Sunday, August 12, 2012


The terrible film Acolytes could have been a disturbing, claustrophobic thriller. Its intriguing premise features three troubled teens, a threatening assailant, and a cleverer, more malevolent presence. While the opening sequence features the cliché “girl running through forest from pursuer,” its lovely color scheme, jolting edits, and surreal pacing suggest a more affective film than what follows. The audience then encounters three teenagers who skip school and smoke weed. It is unclear why Chasely (Hanna Mangan-Lawrence) prefers the mouthy James (Joshua Payne) to their friend Mark (Sebastian Gregory). Perhaps the confusion arises from the fact that these characters are poorly realized and dully acted. Chasely spends the film staring blankly into space as she listens to music (the movie has a strong indie soundtrack), screaming and crying when the occasion arises (she is a girl, after all), and looking sexy. James is obnoxious and callous, and Mark, our ostensible protagonist, might be the most uninteresting of the lot. They stumble upon a body and wonder if it is connected to Gary Parker (Michael Dorman), a young ex-con who attacked them when they were kids.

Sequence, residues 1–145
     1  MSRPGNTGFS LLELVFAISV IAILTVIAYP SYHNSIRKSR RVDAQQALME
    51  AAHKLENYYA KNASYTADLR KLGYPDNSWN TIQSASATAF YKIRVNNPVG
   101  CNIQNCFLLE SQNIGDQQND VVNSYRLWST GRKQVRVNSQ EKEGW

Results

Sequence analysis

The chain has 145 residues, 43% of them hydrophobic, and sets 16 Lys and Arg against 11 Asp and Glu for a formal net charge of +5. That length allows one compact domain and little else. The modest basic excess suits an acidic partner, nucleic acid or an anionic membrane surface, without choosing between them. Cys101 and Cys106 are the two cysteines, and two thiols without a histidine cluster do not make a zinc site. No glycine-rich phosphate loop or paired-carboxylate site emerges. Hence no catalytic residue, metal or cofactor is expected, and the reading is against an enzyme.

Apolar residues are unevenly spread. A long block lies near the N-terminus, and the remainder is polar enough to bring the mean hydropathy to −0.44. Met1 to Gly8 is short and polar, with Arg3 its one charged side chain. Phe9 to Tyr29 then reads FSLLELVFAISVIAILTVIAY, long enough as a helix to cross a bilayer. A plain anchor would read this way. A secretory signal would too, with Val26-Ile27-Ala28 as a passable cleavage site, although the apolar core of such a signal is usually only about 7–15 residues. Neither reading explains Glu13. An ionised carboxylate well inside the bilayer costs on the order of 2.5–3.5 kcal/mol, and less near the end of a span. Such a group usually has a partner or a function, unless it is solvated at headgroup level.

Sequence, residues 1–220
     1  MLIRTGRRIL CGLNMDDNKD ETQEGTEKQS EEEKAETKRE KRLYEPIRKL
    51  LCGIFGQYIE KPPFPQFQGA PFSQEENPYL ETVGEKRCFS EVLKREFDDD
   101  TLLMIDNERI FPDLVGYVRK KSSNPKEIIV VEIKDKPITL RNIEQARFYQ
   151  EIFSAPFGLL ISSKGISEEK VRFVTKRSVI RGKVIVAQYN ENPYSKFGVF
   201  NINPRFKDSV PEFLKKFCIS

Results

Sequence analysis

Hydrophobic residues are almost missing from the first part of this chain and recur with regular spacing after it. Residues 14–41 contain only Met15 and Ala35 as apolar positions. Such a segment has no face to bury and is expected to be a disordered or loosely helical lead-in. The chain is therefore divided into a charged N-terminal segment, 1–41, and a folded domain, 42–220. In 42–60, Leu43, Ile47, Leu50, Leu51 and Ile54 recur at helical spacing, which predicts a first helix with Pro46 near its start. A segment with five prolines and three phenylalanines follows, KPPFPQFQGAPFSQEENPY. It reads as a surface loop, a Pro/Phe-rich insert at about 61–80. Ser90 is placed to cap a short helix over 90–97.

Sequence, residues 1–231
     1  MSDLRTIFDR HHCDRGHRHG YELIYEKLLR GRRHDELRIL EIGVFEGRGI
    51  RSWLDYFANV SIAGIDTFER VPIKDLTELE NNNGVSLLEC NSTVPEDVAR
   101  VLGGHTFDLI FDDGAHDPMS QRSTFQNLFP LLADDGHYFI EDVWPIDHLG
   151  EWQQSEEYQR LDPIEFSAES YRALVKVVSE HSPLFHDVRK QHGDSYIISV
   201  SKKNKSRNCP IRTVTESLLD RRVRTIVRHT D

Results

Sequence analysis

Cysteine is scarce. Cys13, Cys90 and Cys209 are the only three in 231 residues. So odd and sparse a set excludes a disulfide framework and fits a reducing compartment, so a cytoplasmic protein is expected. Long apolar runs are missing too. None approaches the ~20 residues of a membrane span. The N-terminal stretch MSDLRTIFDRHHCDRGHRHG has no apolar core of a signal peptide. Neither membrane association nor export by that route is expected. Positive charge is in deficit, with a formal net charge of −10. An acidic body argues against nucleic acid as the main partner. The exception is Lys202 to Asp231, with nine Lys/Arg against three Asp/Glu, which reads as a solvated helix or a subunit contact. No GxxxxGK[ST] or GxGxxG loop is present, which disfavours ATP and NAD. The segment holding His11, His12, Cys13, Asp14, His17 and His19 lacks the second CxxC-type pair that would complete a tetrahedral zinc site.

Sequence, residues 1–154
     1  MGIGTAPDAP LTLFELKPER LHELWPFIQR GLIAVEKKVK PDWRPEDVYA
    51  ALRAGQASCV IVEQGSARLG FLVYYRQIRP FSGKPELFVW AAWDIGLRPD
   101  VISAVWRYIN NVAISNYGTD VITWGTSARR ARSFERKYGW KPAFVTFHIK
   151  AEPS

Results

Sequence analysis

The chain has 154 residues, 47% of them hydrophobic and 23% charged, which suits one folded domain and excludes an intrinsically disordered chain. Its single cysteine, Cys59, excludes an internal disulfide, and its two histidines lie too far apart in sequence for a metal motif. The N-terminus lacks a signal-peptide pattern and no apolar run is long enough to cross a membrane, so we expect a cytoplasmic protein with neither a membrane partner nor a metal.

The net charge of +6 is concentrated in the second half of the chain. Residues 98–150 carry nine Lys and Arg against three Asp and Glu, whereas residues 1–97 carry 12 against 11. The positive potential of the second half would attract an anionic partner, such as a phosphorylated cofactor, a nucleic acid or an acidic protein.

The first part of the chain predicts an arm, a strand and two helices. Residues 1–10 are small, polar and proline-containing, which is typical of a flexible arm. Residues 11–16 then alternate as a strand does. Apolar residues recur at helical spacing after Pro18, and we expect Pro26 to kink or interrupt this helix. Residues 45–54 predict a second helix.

One minute characters freak out at some horrific development, the next they are inexplicably composed, speaking in their usual, expressionless voices. The highlight of the film, other than its beautiful, high-contrast cinematography, is Joel Edgerton’s calm serial killer Ian Wright. His physical appearance is entirely unimaginative (how many movies feature psychos who wear glasses, tuck in their shirts, and sport bland expressions?), but we see flashes of intelligence and habitual sadism. Because this murderer is more interesting than the three leads, any connection with or threat he poses to them drums up little suspense. The ostensibly intense conclusion contains a jarring shock that makes no sense. The film’s potential is ruined by a narrative that is beyond jumbled, tediously paced, and unconvincingly acted.

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